MEN 2-associated RET mutations have a gain-of-function effect, i.e., they promote activation of the kinase and oncogenic conversion. Indeed, MEN 2 was the first example of an inherited cancer syndrome caused by the germline transmission of a dominantly activated oncogene. Mechanisms leading to RET oncogenic conversion in MEN 2 depend on the location of the amino-acid change. Extracellular cysteine mutants display constitutive kinase activity consequent to disulfide-bonds stabilized homodimerization. These cysteine residues are thought to be normally involved in the formation of intramolecular disulfide bonds. Thus, when a cysteine is mutated, a partner cysteine may become free and form an aberrant intermolecular bond between two mutated RET monomers.

The first evidence of RET involvement in human cancer was obtained in thyroid gland papillary carcinomas. Chromosomal inversions or translocations of 10q11.2 occur in 2.5% to 40% of papillary thyroid carcinomas (PTC) and cause the recombination of the kinase-encoding domain of RET with heterologous genes thereby generating the RET/PTC oncogenes. RET/PTC1 (H4-RET fusion) and 3 (RFG-RET fusion) are the most prevalent variants. RET/PTC rearrangement cause a ligand-independent activation of RET oncogenic signaling. A body of evidence supports the notion that RET/PTC oncogenes can be causative in thyroid tumorigenesis and also an early genetic change in PTC development.

RET is a suitable target for the design of novel therapeutic approaches for human cancer. Accordingly, several small-molecule ATP-mimetics, including PP1, PP2, ZD6474, CEP-701, CEP-751, RPI-1, have been demonstrated to efficiently (nM range) obstruct RET enzymatic function.


The Table below contains accepted modulators and additional information.


Family Members RET
Other Names CDHF12, D-ret, Dret, Hirschsprung disease: HSCR1, MEN2A, MEN2B, MTC1, multiple endocrine neoplasia and medullary thyroid carcinoma 1, PTC, RET51, RET9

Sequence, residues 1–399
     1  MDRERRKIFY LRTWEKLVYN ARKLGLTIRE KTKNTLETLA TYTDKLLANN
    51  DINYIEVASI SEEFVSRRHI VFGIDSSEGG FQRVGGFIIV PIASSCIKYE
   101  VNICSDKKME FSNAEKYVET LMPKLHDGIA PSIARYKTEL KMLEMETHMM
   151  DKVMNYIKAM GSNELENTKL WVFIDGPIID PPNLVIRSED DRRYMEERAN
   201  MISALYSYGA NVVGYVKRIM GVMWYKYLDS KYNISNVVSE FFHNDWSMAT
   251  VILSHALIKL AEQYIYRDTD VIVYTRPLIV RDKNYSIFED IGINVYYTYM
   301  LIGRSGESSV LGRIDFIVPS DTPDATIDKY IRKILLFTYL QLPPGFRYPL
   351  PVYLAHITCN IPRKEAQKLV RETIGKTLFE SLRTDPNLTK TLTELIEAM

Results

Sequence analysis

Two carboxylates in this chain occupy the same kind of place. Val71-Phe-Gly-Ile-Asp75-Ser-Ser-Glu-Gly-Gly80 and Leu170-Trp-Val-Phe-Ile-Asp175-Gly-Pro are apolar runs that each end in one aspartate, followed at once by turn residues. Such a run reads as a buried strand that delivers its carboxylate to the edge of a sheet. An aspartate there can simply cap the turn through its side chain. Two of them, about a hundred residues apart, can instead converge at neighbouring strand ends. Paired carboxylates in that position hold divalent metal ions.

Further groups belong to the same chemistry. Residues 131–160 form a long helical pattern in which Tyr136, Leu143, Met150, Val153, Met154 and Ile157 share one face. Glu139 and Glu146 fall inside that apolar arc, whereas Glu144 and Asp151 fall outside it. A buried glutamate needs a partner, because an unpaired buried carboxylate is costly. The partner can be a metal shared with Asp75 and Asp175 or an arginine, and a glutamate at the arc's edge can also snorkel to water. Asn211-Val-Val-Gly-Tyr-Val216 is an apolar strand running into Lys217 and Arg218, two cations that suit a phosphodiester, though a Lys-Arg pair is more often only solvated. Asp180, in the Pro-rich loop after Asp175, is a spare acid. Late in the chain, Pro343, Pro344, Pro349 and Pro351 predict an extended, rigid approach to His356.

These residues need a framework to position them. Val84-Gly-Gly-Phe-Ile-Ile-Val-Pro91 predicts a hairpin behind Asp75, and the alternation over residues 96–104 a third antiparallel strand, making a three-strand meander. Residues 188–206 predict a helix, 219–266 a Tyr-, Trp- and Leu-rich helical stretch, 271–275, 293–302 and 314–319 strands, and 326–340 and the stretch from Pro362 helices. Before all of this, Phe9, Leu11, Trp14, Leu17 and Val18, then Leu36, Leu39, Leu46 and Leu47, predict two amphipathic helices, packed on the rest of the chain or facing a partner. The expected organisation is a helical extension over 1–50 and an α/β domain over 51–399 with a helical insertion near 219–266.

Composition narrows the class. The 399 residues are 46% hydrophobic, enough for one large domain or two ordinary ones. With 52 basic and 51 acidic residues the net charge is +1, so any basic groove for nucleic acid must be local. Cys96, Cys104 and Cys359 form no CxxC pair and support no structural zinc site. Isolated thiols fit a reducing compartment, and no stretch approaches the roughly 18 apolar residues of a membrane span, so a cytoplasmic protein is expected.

Molecular Weight
123 kDa
Structural Data 1114 aa (RET-51, human)
1072 aa (RET-9, human)
Isoforms Not Known
Species Human, mouse, Xenopus, rat, dog, Drosophila, chicken
Domain Organization Cadherin domain
N-terminal extracellular domain
Cysteine-rich extracellular domain
C-terminal cytoplasmic tyrosine kinase domain
Phosphorylation Sites Tyr806
Tissue Distribution Peripheral and central nervous system, thyroid C-cells, adrenal medulla developing ureteric bud, spermatogonia
Subcellular Localization Not Known
Binding Partners/Associated Proteins DOK4
IRS 1/2
Gab 1/2
Upstream Activators GDNF
Downstream Activation Raf/MAP kinase
Rac/c-Jun-terminal kinase
Inhibitors PP1 (P0040)
PP2 (P0042)
CEP-701 (C7869)
RPI-1 (R8907)
Activators Not Known
Selective Activators Not Known
Physiological Function Neuronal cells survival and differentiation, kidney morphogenesis spermatogonia differentiation
Disease Relevance Hirschsprung's disease (congenital magacolon) (HSCR), multiple endocrine neoplasia type 2 syndromes (MEN2A, MEN2B, FMTC), sporadic medullary thyroid carcinomas (MTC), thyroid papillary carcinomas, congenital hypoventilation syndrome



ARTN: Artemin
NRTN: Neurturin
PSPN: Persephin